Interesting, people join a club team, most of which have been existing sometime before they joined, and joining that team, they expect to do a program that works for them.. We hear this all the time in club coaching- people expect to do what they want and not do the program the way the coach has set up, which is totally bogus..could you imagine showing up to a football practice and telling the coach..you know, I really am not liking the whole tackling thing, maybe I should be the qaurterback, yea OK! Somebody had made a statement that these kids are forced to do what the coaches want or how they set up the program..No kidding, that's why they are the head coach of an established program...what they do seems to work for everybody, not just little Johnny (what's Johnny gonna do in the relal worl when the Boss comes knocking?).

    Someone also said that swimming only places emphasis on winners and only one can be a winner.. what society are we living in where we are all winners? the big four (soccer,baseball,football and basketball) all have major world championships for their repective winners!! what is bigger than the Superbowl? Swimming teaches the true fact: There is always someone a little bigger,stronger and faster and you have no control over that and the sooner we deal with that, the sooner we can focus on being the best that we can be...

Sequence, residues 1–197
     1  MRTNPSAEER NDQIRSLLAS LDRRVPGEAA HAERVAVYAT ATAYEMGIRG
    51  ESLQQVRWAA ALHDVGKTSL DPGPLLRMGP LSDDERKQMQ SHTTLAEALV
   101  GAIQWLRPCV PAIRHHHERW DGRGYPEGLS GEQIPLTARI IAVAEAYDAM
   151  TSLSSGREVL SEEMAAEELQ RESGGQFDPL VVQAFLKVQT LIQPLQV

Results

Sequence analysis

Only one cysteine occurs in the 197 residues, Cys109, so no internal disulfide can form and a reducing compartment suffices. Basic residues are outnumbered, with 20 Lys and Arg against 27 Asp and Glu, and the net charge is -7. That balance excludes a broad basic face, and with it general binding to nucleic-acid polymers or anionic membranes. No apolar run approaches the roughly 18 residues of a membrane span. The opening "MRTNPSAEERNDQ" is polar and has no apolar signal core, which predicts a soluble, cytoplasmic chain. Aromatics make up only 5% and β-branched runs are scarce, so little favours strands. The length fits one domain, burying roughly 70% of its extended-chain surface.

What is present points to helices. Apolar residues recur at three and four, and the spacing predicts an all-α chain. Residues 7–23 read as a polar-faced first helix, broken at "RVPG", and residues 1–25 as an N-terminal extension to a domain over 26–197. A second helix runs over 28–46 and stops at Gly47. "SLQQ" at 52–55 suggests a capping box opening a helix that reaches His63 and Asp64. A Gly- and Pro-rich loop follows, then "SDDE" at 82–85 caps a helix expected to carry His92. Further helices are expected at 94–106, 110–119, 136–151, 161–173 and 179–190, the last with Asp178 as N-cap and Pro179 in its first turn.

Last part of the article that really irked me.. "Kids are different."?
    Kids are not different, yes they are taller on average, have higher SAT Scores on average and much are more profficient on computers than we are, but in essence don't they still need:
    Discipline, to be taught proper ethics and morals, to be praised when they do something well and to be taught when they have done someting wrong, to have a place (like swim practice) where they can be themselves, have friends, be safe and set high standards for themselves and lastly to have people (like swim coaches and parents) who have high expectations of them?..